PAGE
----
Xylitol 2 plus the water soluble RG fraction had the greatest effect when given for 5 days prior to virus infection (Fig. 1 and 2). As shown in Fig. 2B, there was little loss of body weight when oseltamivir, a neuraminidase inhibitor, was given post virus challenge. In contrast, the mice receiving xylitol 2 plus the water soluble fraction suffered a rapid reduction in body weight post virus challenge (Fig. 2B) although all survived. This result indicates that the protective mechanism of xylitol and water soluble fraction is different from that of oseltamivir.
There was variation of survival rate in mice receiving xylitol 2 in combination with water soluble fraction: 60% (Fig. 1), 100% (Fig. 2A) and 40% (Fig. 4D) of mice survived following challenge with 2X LD50 of influenza virus. As shown in Fig. 2B, the challenge with 2X LD50 of virus reduced the body weights of mice receiving xylitol 2 with water soluble fraction by 74% of their initial body weights. This result indicates that the mice maintain their life by a narrow margin when the mice were challenged with 2X LD50 of virus. The challenge with 2X LD50 of influenza virus showed the synergistic effects of treatment of xylitol along with water soluble RG fraction effectively (Fig. 1 and 2). However, the experimental design, which reduces the body weight of mice treated with xylitol combined with water soluble RG fraction to the borderline of death, is thought to result in the variation of mouse survival.
There was no effect when xylitol plus the water soluble fraction was given only after virus challenge (see 0-day regimen, Fig. 4A) and protection was only observed with 5-day treatments prior to challenge, not when it was given for 1 or 3 days prior to challenge (Fig. 4B, C and D). Therefore, it is unlikely that this treatment affects influenza virus directly. Numerous studies have shown that RGs have immunomodulatory effects –. Moreover, we found previously that dietary RGs given for 14 days prior to influenza virus infection reduced influenza-induced symptoms by acting on dendritic cells (tipDCs) producing tumor necrosis factor alpha (TNF-α)/inducible nitric oxide synthase (iNOS) in the lungs . In this study, similarly, dietary xylitol with water soluble fraction was confirmed to reduce the level of tipDC in the bronchoalveolar lavage (BAL) fluid following 2X LD50 of influenza virus challenge (Fig. S1), suggesting that the xylitol with water soluble fraction contributes to the reduction of influenza-induced symptoms by modulating the immune system. Moreover, it has been proposed that dietary xylitol enhances the activity of neutrophils in rats . Taken together, these findings suggest that the enhanced survival (Fig. 1 and 2) and reduced viral loads in mouse lungs (Fig. 3) after lethal influenza virus infection are associated with immunomodulatory effects of xylitol and RGs.
The aim of this study was to investigate whether dietary xylitol can modulate the symptoms induced by influenza virus infection. We found no ameliorating effect when xylitol or RGs were administered separately, only when they were given together for 5 days. Since a 14 day-regimen is required for RGs on their own to exert a protective effect on influenza virus infection ,  our results show that the treatment period can be markedly reduced if xylitol is administered along with RGs.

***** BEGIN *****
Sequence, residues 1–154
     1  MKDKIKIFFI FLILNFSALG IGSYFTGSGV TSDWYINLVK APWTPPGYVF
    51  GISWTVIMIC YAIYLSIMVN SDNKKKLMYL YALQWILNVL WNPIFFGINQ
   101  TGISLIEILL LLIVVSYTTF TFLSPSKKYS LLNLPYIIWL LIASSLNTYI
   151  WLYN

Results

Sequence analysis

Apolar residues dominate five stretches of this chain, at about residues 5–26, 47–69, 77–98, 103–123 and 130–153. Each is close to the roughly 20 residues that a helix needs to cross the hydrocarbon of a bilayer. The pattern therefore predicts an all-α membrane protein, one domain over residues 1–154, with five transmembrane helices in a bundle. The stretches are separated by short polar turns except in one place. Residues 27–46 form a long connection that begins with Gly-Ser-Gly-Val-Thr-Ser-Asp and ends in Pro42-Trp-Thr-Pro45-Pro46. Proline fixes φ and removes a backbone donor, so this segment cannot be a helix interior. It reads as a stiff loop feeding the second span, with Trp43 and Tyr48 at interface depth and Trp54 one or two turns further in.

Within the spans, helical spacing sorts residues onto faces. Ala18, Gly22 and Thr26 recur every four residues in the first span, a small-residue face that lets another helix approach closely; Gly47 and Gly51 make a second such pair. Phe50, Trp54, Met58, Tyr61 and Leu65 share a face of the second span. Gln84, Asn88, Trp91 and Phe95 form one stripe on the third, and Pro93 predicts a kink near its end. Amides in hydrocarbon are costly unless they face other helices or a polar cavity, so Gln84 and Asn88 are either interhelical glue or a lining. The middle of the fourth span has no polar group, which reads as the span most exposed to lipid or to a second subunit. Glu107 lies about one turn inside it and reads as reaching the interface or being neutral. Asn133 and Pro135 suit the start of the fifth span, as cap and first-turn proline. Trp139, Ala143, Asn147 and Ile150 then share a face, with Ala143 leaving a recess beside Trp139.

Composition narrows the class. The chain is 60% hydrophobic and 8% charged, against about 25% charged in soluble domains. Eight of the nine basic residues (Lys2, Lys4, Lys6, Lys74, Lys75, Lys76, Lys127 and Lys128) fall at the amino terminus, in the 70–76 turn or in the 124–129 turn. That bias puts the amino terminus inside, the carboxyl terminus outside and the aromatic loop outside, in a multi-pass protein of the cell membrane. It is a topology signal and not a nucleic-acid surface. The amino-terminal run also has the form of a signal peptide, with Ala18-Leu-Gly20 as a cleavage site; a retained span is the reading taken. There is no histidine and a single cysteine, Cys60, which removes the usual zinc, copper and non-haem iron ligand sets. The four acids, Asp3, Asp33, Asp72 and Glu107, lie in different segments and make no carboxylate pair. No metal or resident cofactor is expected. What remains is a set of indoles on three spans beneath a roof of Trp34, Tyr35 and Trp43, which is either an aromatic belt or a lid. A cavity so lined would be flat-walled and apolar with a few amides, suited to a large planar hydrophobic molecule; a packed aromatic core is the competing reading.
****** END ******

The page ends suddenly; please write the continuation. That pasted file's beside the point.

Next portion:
The genome of influenza virus mutates spontaneously, and some mutations confer resistance to anti-influenza virus agents. A recent report indicated that 27% of seasonal influenza A virus particles (H1N1) are resistant to oseltamivir . Similarly all influenza A viruses (H3N2) and the 2009 Mexican flu pandemic influenza A virus (H1N1) were resistant to adamantanes . The Centers for Disease Control and Prevention (CDC) has stated that amantadine and rimantadine are not recommended for antiviral treatment or chemoprophylaxis of the currently circulating influenza A virus strains . Recent evidence clearly indicates that resistance to anti-influenza agents gradually increases among prevalent influenza viruses. Hence there is a great need for new strategies for preventing and controlling influenza virus infections, and further analysis of the protective effect of xylitol could lead to new possibilities for controlling influenza virus infections.
Materials and Methods
All animal experiments were treated in accordance with the guideline of Institutional Animal Care and Use Committee, Chung-Ang University IACUC, and the protocol was approved by the IACUC (approval no.: 13-0039). Virus challenges in mice were performed under approved anesthesia, and all efforts were made to minimize suffering. Mice were anesthetized intraperitoneally with 10 µl of 4∶1 mixture of Zoletil 50 (Virbac, France) and Rompun (Bayer Animal Health, Germany) for intranasal instillation of virus. The conditions of mice were monitored twice a day. The humane endpoint was used during survival study: mice were euthanized using CO2 gas when body weights were reduced to 70% of the starting weights. Mice for survival studies were euthanized using CO2 gas and those for virus titration of lung were euthanized by excessive anesthetization (30 µl of 4∶1 mixture of Zoletil 50 and Rompun).
Preparation of Xylitol
Xylitol was obtained from Sigma (X3375, Sigma, USA); 66 mg of xylitol was dissolved in 10 ml Krebs-Henseleit fluid. Krebs-Henseleit solution contains 6.9 g NaCl, 0.35 g KCl, 0.28 g CaCl2, 0.16 g KH2PO4, 0.2 g MgSO4, 2.09 g NaHCO3, and 0.22 g Na-pyruvate per liter .
Preparation of Whole Extract of RG, Water Soluble Fraction, Polysaccharide and Saponin